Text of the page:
January 14, 2014
The Cancer Prevention and Treatment Fund strongly supports the Food and Drug Administration in its efforts to advise industry on reduction of acrylamide in food products. The Grocery Manufacturers Association estimates that acrylamide is present in approximately 40% of the total caloric intake in a typical American diet.1 Given this near-ubiquity, and the fact that the chemical reaction which produces acrylamide also produces commercially desirable color, taste and texture characteristics, reduction of acrylamide represents a challenge. However, the evidence of possible human harm necessitates its treatment as a significant public health issue. While this report represents an important step in FDA regulation of acrylamide and suggests many possible acrylamide reduction methods, we are concerned that this guidance is not specific enough in providing clear and concrete recommendations that can be implemented. Although FDA guidance does not have the force of law or regulation, the addition of terms such as “when feasible” implies that the FDA is not serious in its efforts to persuade companies to substantially reduce acrylamide. FDA monitoring of acrylamide in 2002 indicated wide variation even among products from the same food category –as much as 5 or 10 fold differences in several categories. This is clear evidence that significant acrylamide reduction can be accomplished without losing desirable product qualities. Thus, although there is clearly much room for improvement, this report contains few immediately implementable guidelines for industry. Since 2002, it has been known that acrylamide is created in food products as the result of a reaction between carbohydrates and the amino acid asparagine at high temperatures during browning (i.e., the Maillard reaction).2 In addition to its known neurotoxic properties, both animal toxicology and human epidemiological studies suggest that acrylamide may be cancer-promoting, which has led to its carcinogen classifications by EPA, NTP and IARC.3,4,5,6 Higher dietary acrylamide consumption has been associated with increased risk of endometrial, ovarian, pancreatic, renal and possibly breast cancer.7,8,9,10. Acrylamide is already regulated in drinking water and was classified by EPA as “likely to be a carcinogen to humans” and was classified by the National Toxicology Program as “reasonably anticipated to be a human carcinogen,” both more than a decade ago. The European Food Safety Authority has been overseeing acrylamide monitoring within the European Union since 2007, and the European Commission has set recommended indicative values for acrylamide in food products, providing a quantitative framework for both assessment of reduction efforts and investigative action. This is a very important health issue and we strongly urge the FDA to intensify its efforts and assert leadership of both the national and international efforts to regulate acrylamide and ensure public safety. Our areas of specific concern are the following:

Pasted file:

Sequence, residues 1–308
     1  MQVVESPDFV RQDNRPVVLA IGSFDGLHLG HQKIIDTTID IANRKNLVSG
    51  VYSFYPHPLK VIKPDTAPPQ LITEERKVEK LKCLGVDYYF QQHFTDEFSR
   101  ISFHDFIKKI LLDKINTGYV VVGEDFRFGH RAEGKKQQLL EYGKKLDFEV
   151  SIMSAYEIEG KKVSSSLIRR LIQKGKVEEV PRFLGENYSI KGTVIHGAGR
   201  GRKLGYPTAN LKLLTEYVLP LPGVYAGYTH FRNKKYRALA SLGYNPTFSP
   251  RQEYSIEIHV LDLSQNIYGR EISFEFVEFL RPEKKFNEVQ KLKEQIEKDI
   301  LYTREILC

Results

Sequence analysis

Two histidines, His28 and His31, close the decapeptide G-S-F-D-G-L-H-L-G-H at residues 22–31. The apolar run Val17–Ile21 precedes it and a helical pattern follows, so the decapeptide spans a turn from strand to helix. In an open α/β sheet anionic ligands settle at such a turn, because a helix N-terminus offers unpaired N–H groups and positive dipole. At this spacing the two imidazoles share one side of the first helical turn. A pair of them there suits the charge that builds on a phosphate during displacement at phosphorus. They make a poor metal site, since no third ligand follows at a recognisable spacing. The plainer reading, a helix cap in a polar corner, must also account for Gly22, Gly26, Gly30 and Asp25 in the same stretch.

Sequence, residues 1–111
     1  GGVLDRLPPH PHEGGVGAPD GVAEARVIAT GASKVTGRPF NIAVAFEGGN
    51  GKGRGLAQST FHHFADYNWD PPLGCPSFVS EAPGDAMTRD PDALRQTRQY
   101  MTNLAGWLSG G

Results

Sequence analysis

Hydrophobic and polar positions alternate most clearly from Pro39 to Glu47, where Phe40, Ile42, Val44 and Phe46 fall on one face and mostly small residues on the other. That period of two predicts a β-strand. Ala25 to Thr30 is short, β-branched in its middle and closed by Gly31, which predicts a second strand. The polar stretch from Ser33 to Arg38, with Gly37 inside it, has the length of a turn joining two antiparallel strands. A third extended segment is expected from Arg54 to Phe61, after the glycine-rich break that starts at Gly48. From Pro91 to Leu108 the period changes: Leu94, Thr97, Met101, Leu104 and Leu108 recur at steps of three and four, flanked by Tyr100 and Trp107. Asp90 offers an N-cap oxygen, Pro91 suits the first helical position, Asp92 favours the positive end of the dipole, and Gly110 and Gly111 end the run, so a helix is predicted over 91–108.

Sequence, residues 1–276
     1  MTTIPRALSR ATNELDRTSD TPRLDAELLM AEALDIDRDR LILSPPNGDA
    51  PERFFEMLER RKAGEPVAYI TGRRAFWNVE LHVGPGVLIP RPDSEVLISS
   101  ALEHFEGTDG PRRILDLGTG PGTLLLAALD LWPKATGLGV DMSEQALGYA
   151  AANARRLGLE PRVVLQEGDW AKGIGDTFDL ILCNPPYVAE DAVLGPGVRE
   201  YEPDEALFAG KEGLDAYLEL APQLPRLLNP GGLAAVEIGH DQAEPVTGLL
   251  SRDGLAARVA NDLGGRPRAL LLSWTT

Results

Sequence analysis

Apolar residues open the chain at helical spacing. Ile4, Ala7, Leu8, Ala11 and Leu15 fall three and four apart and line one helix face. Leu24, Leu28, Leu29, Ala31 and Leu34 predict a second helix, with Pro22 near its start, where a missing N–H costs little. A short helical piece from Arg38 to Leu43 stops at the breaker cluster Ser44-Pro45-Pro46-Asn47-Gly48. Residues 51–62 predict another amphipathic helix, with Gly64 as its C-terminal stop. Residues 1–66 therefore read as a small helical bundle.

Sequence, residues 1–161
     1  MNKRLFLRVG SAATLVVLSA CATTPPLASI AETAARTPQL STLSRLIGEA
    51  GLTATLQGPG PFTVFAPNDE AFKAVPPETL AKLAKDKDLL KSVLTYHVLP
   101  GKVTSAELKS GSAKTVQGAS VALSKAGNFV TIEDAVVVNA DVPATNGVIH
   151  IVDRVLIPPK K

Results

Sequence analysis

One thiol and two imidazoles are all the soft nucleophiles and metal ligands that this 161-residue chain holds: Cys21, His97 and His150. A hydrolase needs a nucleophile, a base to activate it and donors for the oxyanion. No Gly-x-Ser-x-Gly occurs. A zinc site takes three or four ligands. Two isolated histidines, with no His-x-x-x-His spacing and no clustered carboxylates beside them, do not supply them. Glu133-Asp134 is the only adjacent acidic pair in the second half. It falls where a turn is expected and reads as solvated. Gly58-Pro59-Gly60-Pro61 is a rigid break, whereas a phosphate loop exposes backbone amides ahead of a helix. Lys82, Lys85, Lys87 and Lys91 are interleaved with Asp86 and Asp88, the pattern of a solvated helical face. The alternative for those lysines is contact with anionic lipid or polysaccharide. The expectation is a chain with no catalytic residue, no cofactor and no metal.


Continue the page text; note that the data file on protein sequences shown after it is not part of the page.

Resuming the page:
- While encouraging manufacturers to conduct their own testing, FDA should update and expand its own monitoring efforts. Monitoring of acrylamide in food products over time is needed for any reduction efforts to be assessed and successfully implemented. The current FDA monitoring strategy tested only several hundred foods in four geographic regions annually between 2002 and 2006, and the last publicly available information is from 2006.11 Given the wide range of acrylamide levels even within a single food category, more extensive and up-to-date monitoring is needed to adequately evaluate acrylamide levels and the success of reduction methods.
- While this report encourages manufacturers to monitor acrylamide levels, it does not give any specific values which should prompt corrective efforts. Without such guideposts, monitoring alone is unlikely to result in significant reductions. Recommended target values or action levels, together with active monitoring, will allow FDA and manufacturers to directly access efficacy of reduction efforts and trigger investigation when needed. The European Commission has set indicative values for acrylamide in food products, including separate values for products intended for infants and young children, and these values are intended to be gradually reduced.12 Indeed, these indicative values have been broadened to include more specific categories and some have already been lowered since their release in 2011, and the European Food Safety Authority is currently conducting a risk assessment at the request of the European Commission to determine if current recommendations are sufficiently protective. Such a system provides a quantitative framework for reduction efforts and allows increased surveillance of items of special health importance. Values at least as low as the 2013 European Commission indicative values should be adopted, with the shared intent of gradual lowering of these values as reduction efforts improve.